Nigeria has suffered immeasurable losses to flood disaster – ranging the Imo State flood of (1988, 1989) which left over 50 people dead, 10,000 rendered homeless, oil and power infrastructures submerged; Ilorin also suffered a heavy casualty following the 1988 flood which left over 100 villages destroyed, 10,000 families displayed, over 70 km of farmland and 440 hectares of sugarcane plantation destroyed (Akintola & Williams, 2006).
In 2012, Nigeria was hit by a large wave of flood which was probably the biggest and most deadly flood disaster in Nigeria’s history, which affected about 2/3 of the federation, leaving scores of people dead and properties worth billions destroyed, with Kubwa District in the FCT having more than a fair share of the disaster.
One important point to note about flooding in this part of the world is that they are mostly human induced as a result of some harmful environment practices such as dumping of refuse in drainages, building on water ways, failure to adhere to building regulations among others.
Despite the obvious adverse effects of flooding, little has been done to savage the situation or correct the abnormalities, and hence, flood continues to threaten Nigeria’s wellbeing as well as the lives and properties of the citizens.
In the past, many works have been done on assessment of flood vulnerability risk but majorities of this work do not provide a reasonable solution to this devastating disaster and also lack of proper techniques to assess the flood risk, this is a major gap which this research intends to fill.
It is in the light of the above problem, that the researcher embarked on this study to determine the flood generating structures in Kubwa Urban landscape as well as suggest mitigating measures to curb the menace of flooding.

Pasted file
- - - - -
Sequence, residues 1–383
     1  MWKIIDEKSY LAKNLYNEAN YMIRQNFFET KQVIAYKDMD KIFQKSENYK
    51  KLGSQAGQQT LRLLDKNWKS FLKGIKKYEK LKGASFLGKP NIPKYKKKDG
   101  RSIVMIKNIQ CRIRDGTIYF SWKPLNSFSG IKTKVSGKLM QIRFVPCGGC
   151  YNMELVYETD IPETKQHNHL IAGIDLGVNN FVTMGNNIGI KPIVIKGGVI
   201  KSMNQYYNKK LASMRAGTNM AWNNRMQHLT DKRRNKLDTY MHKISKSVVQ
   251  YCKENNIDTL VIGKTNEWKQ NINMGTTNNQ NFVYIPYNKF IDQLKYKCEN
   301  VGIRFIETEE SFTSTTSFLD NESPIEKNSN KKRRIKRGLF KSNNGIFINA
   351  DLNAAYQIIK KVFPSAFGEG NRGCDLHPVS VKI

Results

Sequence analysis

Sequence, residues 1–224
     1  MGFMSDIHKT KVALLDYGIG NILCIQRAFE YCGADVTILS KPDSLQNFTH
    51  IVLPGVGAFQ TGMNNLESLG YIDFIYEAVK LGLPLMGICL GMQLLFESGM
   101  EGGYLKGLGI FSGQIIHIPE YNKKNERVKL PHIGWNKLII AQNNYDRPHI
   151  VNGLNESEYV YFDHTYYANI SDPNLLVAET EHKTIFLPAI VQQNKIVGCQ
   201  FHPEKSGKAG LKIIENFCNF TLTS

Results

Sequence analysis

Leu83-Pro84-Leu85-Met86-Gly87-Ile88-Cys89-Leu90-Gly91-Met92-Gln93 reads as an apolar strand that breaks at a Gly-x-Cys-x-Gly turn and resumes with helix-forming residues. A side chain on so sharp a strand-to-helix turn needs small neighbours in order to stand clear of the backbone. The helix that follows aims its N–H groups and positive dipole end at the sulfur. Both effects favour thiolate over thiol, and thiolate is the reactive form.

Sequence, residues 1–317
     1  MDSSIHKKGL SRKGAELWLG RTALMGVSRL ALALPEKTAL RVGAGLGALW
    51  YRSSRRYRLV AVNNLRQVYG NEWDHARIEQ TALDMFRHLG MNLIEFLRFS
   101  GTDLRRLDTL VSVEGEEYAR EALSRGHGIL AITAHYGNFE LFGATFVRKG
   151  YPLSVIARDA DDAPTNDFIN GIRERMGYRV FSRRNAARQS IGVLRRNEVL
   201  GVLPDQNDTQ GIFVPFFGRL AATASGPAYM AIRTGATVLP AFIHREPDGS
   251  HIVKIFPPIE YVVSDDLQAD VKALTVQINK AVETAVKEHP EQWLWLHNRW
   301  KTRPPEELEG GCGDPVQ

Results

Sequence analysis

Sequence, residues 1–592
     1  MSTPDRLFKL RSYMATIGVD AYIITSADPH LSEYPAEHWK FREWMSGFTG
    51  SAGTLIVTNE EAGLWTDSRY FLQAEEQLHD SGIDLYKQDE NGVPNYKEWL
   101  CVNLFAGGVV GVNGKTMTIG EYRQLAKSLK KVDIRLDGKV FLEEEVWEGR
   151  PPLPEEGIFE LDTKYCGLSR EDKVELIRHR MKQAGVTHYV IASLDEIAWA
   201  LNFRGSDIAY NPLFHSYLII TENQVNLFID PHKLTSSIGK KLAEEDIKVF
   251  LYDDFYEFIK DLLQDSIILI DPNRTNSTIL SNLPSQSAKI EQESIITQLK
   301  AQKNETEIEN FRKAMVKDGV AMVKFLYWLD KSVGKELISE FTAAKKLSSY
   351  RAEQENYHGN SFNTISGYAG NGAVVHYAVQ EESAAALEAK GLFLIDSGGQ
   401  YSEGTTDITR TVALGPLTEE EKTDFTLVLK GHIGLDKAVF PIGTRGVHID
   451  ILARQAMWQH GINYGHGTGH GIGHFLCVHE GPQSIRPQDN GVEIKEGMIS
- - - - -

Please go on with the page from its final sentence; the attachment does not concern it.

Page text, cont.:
1.3 Aim and Objectives
The general aim of this research work is to examine the flood generating structures in Kubwa urban landscape. The specific objectives are outlined thus:
i) To identify areas vulnerable to flooding in Kubwa
ii) Examine the urban structures responsible for flooding in Kubwa
iii) To determine the magnitude of flooding in Kubwa from 2012 – 2014.
iv) To examine the consequences of flood in Kubwa
1.4 Research Questions
The following questions are designed to guide the study:
i) What are the areas vulnerable to flooding in Kubwa?
ii) What are the urban structures responsible for flooding in Kubwa?
iii) What is the magnitude of flooding in Kubwa from 2012 – 2014?
iv) What are the consequences of flooding in Kubwa?
1.5 Research Hypotheses
The hypotheses formulated for this study are:
H01: Polythene deposit has not significant effect on flooding in Kubwa.
H02: Ponds do not have any significant impact on flooding in Kubwa.
H03: Drainage has not significant impact on flooding in Kubwa.
H04: Vegetation has not significantly affect flooding in Kubwa
H05: House clustering does not significantly impact flooding in Kubwa
These hypotheses will be tested using multiple Regression technique at the 5% (p<0.05) level of significance.
1.6 Significance of the Study
Flood in Kubwa area of the Federal Capital Territory is a recurrent phenomenon. It occurred in the year 2012 and 2013 when this research was in progress. Both floods resulted in loss of lives and destruction of properties.
The findings and recommendations of this research can be a very useful information to government agencies, corporate estate managers, individuals, flood disaster managers and other stakeholders in environmental management and monitoring in the research area and other parts of the world faced with the problem of flooding.
The outcome of the research could serve as a tool towards public awareness on the rate of loss of lives and properties, where the environmental hazards occur, barren land and the pre-disposing risk for proper environmental planning.FLOOD GENERATING STRUCTURES IN KUBWA URBAN LANDSCAPE